You roll into Puerto Penasco and don’t speak Spanish, but you’re hungry. The landscape is fairly flat but look out towards the sea, then lift your gaze to the large hill towering over the town. That’s Whale Hill and at the top, you’ll find Casa del Capitan. There’s a lighthouse next door. Let that be your guide. No Habla Espanol? No problem. It’s easy when you’re eating out here. The staff caters to visitors from both sides of the border.
Casa del Capitan is the highest restaurant in the area and a perfect spot to get your bearings. A round bar welcomes you inside the bright yellow, red, and blue establishment. There’s a spacious, multi-leveled dining room and a wide patio with splendid views of the Sea of Cortez, the strand of highrise resorts to the north-west and the main town below.
Mindful menus when eating out
Eating out in Puerto Penasco focuses on seafood. Shrimping and fishing have been the one constant in the region. The sea is rich here and it’s brought a notorious dilemma to focus. You may have heard of the plight of Vaquita Dolphins who are being run into distinction by illegal fishing. That’s not happening in Puerto Penasco as the small dolphins rarely swim near and favor the western side of the sea. The problem is complicated and worthy of a Hollywood potboiler including shady Chinese vendors wanting a fish-bladder with dubious health benefits, smugglers, secretive fishing, and a small, endangered creature caught in the cross-hairs.
If you want to make sure you’re eating responsibly, ask your waiter what’s local and ‘what’s in season’ for the freshest fish, shrimp, clams, and scallops.
Rocky Point becomes Puerto Penasco
Locals still call the area Rocky Point. Set along a sandy expanse that stretches for miles to the north and south, the port city has lifted itself from a series of setbacks. Prohibition in the US set investors south to build hotels and watering holes. A falling out left that in ruins. In 1936 Mexican President Cardenas gave the village its current name and formalized plans for a rail line to other points in the country. He also inspired a highway to the US – Arizona border, 65 miles away. That road still leads visitors into the city. From Phoenix it’s a three hour drive to the heart of town.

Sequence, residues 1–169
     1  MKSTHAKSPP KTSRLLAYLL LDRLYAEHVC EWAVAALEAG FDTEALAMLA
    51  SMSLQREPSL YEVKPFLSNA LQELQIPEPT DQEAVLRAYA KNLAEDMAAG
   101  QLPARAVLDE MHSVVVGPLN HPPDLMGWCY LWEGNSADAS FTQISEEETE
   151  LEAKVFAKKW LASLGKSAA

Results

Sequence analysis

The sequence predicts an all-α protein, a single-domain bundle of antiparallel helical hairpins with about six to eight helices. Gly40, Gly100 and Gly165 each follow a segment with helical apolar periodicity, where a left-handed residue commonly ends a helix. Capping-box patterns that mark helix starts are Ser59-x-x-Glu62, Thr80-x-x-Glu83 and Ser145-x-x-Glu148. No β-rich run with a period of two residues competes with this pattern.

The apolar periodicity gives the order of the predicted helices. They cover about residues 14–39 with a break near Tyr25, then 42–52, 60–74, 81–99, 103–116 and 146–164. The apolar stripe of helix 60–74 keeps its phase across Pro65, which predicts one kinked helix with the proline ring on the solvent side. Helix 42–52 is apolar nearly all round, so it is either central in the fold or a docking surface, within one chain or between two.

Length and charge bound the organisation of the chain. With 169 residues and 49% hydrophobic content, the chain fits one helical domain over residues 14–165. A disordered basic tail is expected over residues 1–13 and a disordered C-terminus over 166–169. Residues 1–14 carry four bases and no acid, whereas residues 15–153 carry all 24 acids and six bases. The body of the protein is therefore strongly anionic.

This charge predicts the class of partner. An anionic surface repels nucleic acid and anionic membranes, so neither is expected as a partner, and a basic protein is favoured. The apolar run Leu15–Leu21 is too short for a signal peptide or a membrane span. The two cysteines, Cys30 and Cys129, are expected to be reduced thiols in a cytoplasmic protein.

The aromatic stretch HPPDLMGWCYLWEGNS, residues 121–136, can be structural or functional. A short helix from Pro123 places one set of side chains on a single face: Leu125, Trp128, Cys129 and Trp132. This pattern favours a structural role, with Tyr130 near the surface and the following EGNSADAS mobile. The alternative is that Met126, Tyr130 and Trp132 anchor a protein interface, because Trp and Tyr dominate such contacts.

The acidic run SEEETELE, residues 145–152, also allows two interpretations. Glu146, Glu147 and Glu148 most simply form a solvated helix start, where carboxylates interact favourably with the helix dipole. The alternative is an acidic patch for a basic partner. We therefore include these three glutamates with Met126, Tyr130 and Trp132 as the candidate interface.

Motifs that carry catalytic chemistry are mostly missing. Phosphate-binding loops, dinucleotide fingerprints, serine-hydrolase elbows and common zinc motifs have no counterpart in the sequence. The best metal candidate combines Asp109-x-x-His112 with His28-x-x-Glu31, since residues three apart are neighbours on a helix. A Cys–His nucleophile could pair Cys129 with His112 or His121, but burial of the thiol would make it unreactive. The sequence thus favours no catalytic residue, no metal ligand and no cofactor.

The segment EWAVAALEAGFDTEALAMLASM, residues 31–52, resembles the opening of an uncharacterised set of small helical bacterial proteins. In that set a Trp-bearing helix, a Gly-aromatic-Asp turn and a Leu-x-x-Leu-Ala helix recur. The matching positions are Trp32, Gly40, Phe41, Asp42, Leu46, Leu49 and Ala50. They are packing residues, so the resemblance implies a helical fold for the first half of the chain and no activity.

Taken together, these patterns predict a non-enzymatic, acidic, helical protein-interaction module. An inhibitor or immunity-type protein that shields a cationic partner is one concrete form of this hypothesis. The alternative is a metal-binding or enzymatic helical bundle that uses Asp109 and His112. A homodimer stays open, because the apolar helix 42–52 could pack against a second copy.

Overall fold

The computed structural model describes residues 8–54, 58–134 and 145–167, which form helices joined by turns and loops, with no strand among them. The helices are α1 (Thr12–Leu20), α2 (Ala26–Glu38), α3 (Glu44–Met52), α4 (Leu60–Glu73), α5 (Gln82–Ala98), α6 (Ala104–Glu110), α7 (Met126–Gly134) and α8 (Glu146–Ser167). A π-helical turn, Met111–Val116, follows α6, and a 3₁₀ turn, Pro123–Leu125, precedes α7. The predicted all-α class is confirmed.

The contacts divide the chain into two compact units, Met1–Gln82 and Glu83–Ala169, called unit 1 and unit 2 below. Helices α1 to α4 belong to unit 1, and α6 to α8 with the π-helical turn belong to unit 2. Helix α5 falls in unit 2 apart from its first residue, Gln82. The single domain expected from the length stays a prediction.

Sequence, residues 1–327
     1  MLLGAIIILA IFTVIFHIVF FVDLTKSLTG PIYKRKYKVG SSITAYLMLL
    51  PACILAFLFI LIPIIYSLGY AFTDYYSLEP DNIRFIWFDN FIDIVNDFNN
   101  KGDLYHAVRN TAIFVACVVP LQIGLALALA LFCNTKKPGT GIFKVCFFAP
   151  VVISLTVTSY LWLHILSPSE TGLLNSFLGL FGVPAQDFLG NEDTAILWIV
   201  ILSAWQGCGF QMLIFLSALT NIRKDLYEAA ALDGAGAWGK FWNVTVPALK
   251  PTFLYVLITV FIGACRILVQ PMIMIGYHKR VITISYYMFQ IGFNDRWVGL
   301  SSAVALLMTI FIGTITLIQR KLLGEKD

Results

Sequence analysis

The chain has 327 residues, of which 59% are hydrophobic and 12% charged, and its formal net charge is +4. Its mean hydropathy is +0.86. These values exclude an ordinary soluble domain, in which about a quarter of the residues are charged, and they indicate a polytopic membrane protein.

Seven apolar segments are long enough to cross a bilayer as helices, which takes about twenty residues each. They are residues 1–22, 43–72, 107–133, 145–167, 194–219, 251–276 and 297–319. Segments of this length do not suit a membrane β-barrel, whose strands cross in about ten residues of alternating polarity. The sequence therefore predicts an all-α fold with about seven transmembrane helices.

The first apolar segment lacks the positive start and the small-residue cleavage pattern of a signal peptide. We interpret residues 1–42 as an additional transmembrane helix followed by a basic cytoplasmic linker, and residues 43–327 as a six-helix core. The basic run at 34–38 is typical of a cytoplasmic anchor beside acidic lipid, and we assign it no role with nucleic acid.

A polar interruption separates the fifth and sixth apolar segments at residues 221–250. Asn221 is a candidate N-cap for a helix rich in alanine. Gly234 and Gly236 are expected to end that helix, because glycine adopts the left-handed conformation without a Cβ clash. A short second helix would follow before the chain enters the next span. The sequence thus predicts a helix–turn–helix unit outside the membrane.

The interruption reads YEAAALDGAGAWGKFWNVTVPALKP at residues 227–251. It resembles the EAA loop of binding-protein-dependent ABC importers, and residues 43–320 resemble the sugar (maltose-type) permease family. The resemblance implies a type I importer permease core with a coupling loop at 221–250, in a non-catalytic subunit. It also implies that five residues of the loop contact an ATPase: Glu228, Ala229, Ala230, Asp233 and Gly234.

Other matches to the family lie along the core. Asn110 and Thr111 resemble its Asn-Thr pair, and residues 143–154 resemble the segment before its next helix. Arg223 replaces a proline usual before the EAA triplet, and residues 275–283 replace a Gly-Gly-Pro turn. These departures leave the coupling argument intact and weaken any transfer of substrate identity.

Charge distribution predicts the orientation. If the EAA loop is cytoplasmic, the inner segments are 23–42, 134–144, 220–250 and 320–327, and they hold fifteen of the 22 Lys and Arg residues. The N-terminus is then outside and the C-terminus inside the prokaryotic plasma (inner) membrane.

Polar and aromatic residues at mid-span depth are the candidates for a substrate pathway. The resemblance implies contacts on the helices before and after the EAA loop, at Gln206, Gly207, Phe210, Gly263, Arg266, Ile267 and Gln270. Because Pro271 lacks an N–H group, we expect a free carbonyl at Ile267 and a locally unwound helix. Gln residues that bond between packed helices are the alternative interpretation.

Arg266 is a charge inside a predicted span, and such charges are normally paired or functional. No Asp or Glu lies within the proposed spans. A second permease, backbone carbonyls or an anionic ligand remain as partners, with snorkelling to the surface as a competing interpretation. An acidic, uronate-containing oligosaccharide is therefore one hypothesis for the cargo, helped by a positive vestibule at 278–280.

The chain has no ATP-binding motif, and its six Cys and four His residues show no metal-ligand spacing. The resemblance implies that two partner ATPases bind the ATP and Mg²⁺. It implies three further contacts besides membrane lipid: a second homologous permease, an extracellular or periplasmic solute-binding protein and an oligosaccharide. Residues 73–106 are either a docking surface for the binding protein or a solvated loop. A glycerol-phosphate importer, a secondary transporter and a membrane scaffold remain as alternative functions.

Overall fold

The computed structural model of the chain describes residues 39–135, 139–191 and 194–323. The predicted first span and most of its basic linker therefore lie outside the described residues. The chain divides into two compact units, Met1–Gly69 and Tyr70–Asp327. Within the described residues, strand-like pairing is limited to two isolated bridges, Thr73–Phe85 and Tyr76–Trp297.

A few hotels remained but most visitors camped, fished and partied. In the early 1990’s, laws changed to allow more foreign investment and the tourist boom has been taking off ever since. Looking for a colorful, boutique experience or the heights of all-inclusive luxury? It’s all here. (Read about where to stay in this earlier post.)
There are hotels and restaurants sprinkled throughout the village. Looking for a snack? Try a fresh cut pineapple or sip from a coconut at one of the many vendor trucks or roadside stalls. The Malecon overflows with them. There are small local and large party bars, waterfront dining and rooms with a view.
It’s still a working marina with boats moored near but there are several party boats offering visitor sunset cruises and day trips when the winds allow.
See more of Puerto Penasco and the Marina in this video:
Eating out in the resorts
Don’t shy away from the resort restaurants when eating out in Puerto Penasco. They are many, beautiful dining rooms and creative chefs honoring traditional ingredients while taking them to new heights.
Eating out in Puerto Penasco, Mexico
- El Oktopus – Malecon bar and restaurant
- El Tapeo – Wine bar and Paella
- Casa del Capitan – At the top of Whale Hill, adjacent to the lighthouse
- Senorita Rita – Sunset Cruise from the Marina
- Tequilla Factory – Shop and tastings
- Citron – Steak and Seafood inside the Las Palomas Resort
- Miguel’s – Inside the Penasco del Sol Resort
- For more information: Come to Rocky Point Website
My trip to Puerto Penasco was hosted by the Rocky Point CVB but all opinions, pictures, and videos are my own.
I hope you enjoyed the post. Share these pins with your pals:
Proud member of these linkups: